I don’t encourage mistakes. They happen easy enough on their own. But you should own your mistakes. Wear them with pride. They are a reminder you are human and remain motivated to create value. Scars are a badge of honor. When they lay you to rest, pray your skin isn’t smooth and soft. Pray to be covered in scars of experience. Yes, it is painful. But it is the only way to live life with meaning.Read More
The FIRE (financial independence/retire early) community is a growing demographic still trying to find its way. The FI part of the equation is easier to understand than the RE part. The issues revolve around the definition of retirement and what constitutes the appropriate lifestyle once FI is reached.
Some of the wealthiest individuals of the last half century provide an example. When Sam Walton was the richest man alive on the planet he still drove a beat up old pickup truck. He saw no reason to spend money on a new truck when the one he had was comfortable, did the job and gave him pleasure (a bit of a status symbol). In a recent interview with the Wall Street Journal, Warren Buffett confessed he has been semi-retired for decades. Charlie Munger, Buffett’s right-hand man at Berkshire-Hathaway, joked Warren is good at doing nothing.
Like Walton, Buffett doesn’t go for the extravagant spending so common among the rich. Buffett’s suit is off the rack and he eats at McDonalds. He also lives in the same home he bought in 1958.Read More
A common question in the FIRE (financial independence, retire early) community involves how much money you need to retire. Before I became a card-carrying member of the community I would hear the question something short of a dozen times per year. This blog means I hear the question a lot more these days. And people still don’t believe my answer.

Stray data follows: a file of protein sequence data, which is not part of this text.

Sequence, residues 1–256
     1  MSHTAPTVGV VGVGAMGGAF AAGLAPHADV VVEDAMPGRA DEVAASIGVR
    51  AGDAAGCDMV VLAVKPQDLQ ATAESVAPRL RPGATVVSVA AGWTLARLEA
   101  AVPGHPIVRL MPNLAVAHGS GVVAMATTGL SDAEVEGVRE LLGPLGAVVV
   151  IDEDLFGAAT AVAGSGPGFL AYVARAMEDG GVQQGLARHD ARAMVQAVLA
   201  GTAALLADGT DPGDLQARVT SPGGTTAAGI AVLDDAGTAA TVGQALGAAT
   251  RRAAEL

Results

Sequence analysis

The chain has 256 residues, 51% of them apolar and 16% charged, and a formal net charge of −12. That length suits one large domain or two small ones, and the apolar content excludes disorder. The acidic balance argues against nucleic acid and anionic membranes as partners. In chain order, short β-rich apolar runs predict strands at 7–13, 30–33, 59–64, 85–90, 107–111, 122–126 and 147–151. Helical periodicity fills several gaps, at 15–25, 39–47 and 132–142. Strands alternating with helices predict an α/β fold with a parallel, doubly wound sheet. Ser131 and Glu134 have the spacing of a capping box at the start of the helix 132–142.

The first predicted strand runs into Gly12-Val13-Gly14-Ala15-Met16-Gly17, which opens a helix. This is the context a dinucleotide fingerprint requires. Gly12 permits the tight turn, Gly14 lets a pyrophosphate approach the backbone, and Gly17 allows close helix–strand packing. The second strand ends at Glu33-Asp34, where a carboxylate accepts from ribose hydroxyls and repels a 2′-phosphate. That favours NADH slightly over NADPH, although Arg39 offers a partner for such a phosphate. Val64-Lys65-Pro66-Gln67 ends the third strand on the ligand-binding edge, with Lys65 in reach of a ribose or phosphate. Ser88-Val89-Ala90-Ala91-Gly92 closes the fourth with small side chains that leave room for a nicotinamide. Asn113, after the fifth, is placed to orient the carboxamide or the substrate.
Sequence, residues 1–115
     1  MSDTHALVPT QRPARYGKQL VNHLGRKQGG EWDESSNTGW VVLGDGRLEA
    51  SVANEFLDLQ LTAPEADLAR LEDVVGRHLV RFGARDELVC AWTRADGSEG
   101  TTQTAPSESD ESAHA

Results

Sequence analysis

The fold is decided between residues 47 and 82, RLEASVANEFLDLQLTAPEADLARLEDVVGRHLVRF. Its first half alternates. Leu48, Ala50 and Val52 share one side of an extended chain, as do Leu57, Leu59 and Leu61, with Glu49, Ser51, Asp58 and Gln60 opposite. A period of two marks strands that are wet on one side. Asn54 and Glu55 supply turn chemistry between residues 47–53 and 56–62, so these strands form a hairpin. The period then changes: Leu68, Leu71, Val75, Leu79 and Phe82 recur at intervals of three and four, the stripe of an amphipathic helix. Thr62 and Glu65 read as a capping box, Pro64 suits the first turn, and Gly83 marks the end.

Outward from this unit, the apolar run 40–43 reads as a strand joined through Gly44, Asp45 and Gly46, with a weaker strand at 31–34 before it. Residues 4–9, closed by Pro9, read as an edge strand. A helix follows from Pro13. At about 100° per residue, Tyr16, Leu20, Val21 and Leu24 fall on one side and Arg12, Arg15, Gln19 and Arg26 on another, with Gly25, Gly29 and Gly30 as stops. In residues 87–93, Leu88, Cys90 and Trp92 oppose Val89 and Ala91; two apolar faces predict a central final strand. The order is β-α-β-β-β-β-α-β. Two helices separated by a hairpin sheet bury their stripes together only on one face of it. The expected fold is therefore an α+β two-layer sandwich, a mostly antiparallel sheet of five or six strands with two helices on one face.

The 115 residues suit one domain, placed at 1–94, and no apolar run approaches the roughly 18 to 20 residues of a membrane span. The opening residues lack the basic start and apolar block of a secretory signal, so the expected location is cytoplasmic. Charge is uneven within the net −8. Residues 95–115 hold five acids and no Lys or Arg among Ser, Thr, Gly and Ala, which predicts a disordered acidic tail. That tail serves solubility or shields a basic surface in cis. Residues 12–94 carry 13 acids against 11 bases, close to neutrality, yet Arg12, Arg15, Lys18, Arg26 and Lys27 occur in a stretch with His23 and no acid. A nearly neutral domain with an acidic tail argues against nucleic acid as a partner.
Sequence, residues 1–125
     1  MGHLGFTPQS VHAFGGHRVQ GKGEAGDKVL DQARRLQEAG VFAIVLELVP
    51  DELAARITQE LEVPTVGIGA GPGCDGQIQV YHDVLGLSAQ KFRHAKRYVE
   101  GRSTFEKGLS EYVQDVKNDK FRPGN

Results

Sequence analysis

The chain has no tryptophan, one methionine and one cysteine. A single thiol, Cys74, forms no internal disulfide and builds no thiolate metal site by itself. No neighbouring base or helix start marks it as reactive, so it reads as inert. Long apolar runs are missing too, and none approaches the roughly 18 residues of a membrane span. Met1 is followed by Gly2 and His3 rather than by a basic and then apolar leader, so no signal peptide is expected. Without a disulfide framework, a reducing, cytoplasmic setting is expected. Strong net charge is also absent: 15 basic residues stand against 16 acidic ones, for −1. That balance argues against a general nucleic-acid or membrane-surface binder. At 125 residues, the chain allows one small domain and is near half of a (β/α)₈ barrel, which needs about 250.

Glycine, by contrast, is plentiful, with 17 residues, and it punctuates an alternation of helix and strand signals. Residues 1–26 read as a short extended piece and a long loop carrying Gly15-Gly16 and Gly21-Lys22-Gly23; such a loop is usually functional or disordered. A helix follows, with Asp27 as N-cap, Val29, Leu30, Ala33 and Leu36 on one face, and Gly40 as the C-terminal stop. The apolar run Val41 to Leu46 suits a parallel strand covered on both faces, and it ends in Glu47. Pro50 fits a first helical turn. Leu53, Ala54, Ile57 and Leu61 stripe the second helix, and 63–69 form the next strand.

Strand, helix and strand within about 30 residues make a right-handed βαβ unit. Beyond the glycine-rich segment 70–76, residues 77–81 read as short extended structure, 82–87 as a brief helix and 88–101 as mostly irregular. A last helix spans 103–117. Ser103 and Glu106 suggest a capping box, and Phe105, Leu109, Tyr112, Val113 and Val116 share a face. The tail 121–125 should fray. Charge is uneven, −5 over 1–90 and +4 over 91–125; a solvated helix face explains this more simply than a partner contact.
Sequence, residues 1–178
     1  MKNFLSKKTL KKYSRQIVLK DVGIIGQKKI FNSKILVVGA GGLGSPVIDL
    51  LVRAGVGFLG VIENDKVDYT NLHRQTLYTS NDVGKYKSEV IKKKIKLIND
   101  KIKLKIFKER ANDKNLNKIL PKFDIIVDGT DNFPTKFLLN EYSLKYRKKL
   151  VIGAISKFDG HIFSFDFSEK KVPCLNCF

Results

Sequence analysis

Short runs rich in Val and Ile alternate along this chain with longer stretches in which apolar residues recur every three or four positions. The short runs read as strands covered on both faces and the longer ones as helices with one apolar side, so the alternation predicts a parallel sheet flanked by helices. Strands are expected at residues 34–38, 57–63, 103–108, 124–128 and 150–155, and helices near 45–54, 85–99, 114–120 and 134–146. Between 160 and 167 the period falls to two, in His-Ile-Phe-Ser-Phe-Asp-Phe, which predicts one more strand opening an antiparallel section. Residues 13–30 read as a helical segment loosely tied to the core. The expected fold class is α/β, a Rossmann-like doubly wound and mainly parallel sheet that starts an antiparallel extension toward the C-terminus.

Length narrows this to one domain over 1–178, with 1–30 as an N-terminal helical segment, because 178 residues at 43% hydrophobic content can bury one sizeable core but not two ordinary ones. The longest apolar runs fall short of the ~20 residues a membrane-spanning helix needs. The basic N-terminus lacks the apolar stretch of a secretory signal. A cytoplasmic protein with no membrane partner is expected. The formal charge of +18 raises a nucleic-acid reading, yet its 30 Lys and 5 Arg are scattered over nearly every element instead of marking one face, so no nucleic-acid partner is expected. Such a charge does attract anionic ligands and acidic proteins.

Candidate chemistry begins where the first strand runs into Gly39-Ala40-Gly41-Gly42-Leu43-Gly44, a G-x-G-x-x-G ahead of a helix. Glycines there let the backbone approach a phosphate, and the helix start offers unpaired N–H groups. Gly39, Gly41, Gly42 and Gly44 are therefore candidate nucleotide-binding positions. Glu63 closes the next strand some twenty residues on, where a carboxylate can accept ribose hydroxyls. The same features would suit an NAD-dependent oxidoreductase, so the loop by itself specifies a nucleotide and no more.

There is a great misperception over how much money is needed to cash a check and walk your own path. I’ve consulted with 70 year old men worried they don’t have enough to retire. In the FIRE community younger people are more interested in the same question with a different set of rules.
Social Security changes all the rules. The 4% rule is wildly off the mark because they forget two simple facts; facts we will cover right now.Read More
From a young age I knew exactly wanted to do. Then I changed my mind.
Such is youth. My dad had different plans for me. My childhood was spent on the family farm and it was an awesome life. My dad owned an agricultural repair business and the plan was in place for me to slide right into the company. There was only one problem: I hated the work.
My children are now adults. One is in China while the youngest just graduated high school. My fondest hope was that at least one of the two would be interested in tax and accounting work. No dice.
Forcing your children into a family business is always a bad idea. The kids might love the work and they should then be welcomed with open arms if they do. But most kids don’t want to follow in their parent’s footsteps. Their dreams are different. Most often they follow their parent’s path because they don’t know where else to turn.Read More